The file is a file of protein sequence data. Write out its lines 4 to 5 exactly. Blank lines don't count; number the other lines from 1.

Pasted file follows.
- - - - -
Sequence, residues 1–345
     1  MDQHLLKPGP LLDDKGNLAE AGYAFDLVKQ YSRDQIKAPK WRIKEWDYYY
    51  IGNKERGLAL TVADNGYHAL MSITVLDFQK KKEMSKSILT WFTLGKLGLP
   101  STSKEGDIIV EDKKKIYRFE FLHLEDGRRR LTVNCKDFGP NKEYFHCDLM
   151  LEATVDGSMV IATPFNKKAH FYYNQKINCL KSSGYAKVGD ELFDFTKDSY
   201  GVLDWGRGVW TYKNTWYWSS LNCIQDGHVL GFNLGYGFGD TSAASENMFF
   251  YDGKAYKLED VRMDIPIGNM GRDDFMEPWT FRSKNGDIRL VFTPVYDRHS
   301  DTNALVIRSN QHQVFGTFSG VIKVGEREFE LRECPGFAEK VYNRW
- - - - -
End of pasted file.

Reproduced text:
   101  STSKEGDIIV EDKKKIYRFE FLHLEDGRRR LTVNCKDFGP NKEYFHCDLM
   151  LEATVDGSMV IATPFNKKAH FYYNQKINCL KSSGYAKVGD ELFDFTKDSY